$\newcommand{\R}{\mathbb{R}}$
An advantage of my previous answer was that, while the computer calculations were pretty heavy there, the logic was extremely simple; virtually no thinking or ingenuity was needed.

On the other hand, one can use a bit of thinking in order to greatly reduce the amount of calculations. More specifically, one can use second-order partial derivatives instead of the first-order ones, based on the following simple

**Lemma 1** Suppose that a function $F\colon[x_1,x_2]\times[y_1,y_2]\to\R$ is such that for some real $c$ and $M$ we have $F(x_i,y_j)\ge c$ for $i,j$ in $\{1,2\}$, and the second-order partial derivatives $F''_{xx}$ and $F''_{yy}$ are bounded from above by $M$. Suppose also that $x_2-x_1=y_2-y_1=h>0$. Then
$$ F\ge c-Mh^2/4 $$
(on $[x_1,x_2]\times[y_1,y_2]$).

It is easy to see that for $F(x,y)$ denoting the left-hand side of your inequality we have $F''_{xx}\le M$ and $F''_{yy}\le M$, where $M:=32$. Hence, for $n=64$ and $h:=1/n$ we have $Mh^2/4<0.002$. One the other hand, a direct calculation shows that $F(i/n,j/n)>c:=0.5023\dots$ for all integers $i,j$ such that $0\le i\le j\le n$. (This calculation now takes about 0.1 sec -- which may be compared with 2290 sec for the previous calculation, based on first-order partial derivatives, with $n=6600$.)

Thus, by Lemma 1, $F(x,y)>c-Mh^2/4=0.5023-0.002>1/2$ if $0<x<y<1$, as desired.

It remains to prove Lemma 1. Let us first establish its one-dimensional analogue:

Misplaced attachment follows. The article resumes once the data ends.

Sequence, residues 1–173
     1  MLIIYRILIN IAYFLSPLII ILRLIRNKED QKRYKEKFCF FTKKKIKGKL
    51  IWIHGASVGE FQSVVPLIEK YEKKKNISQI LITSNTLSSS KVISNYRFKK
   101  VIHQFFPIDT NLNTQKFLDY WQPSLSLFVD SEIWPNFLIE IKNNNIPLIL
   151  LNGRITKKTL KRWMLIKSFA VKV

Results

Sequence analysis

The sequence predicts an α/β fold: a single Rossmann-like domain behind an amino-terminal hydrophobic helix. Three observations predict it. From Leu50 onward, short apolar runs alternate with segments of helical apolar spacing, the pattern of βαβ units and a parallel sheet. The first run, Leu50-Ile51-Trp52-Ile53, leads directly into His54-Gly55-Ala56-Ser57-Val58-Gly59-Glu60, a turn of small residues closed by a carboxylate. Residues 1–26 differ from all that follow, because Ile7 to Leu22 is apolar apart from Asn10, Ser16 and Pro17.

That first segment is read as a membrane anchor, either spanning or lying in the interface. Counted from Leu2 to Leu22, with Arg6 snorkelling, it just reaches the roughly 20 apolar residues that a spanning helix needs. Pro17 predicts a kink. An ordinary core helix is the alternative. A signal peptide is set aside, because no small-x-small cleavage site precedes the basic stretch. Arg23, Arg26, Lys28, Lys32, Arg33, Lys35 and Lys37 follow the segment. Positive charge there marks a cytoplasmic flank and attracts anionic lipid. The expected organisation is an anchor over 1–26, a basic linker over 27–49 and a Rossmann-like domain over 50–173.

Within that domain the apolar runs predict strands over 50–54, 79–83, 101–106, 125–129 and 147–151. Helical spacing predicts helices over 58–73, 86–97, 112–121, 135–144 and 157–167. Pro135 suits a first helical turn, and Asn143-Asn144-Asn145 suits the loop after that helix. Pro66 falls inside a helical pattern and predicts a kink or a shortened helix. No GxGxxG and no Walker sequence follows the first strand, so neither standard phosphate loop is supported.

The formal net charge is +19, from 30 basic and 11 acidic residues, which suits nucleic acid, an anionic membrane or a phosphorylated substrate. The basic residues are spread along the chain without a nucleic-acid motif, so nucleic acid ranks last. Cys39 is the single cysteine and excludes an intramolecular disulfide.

**Lemma 2** Suppose that a function $f\colon[x_1,x_2]\to\R$ is such that for some real $c$ and $M$ we have $f(x_i)\ge c$ for $i\in\{1,2\}$, and $f''\le M$.
Suppose also that $x_2-x_1=h>0$. Then
$$ f\ge c-Mh^2/8 $$
(on $[x_1,x_2]$).

*Proof of Lemma 2* Let $g(x):=f(x)+M(x-x_1)(x_2-x)/2$. Then $g(x_i)=f(x_i)\ge c$ for $i\in\{1,2\}$ and $g''=f''-M\le0$, so that $g$ is concave and hence $g\ge c$ (on $[x_1,x_2]$). Thus,
$f(x)=g(x)-M(x-x_1)(x_2-x)/2\ge c-Mh^2/8$, as claimed. $\Box$

Now we are ready for

*Proof of Lemma 1* Take any $(x_*,y_*)\in[x_1,x_2]\times[y_1,y_2]$. For each $j\in\{1,2\}$, applying Lemma 1 to the function $x\mapsto f_j(x):=F(x,y_j)$ in place of $f$, we get $F(x_*,y_j)\ge c_1:=c-Mh^2/8$. Applying now Lemma 1 to the function $y\mapsto g(y):=F(x_*,y)$ in place of $f$, we get $F(x_*,y_*)\ge c_1-Mh^2/8=c-Mh^2/4$, as claimed. $\Box$

*Remark* In the answer by GH from MO, the minimization of the function $F$ of two arguments was reduced to the minimization of a function of one argument. Using that reduction together with Lemma 2 above, it should be possible to further reduce the execution time from 0.1 sec to something like 0.1/20=0.05 sec.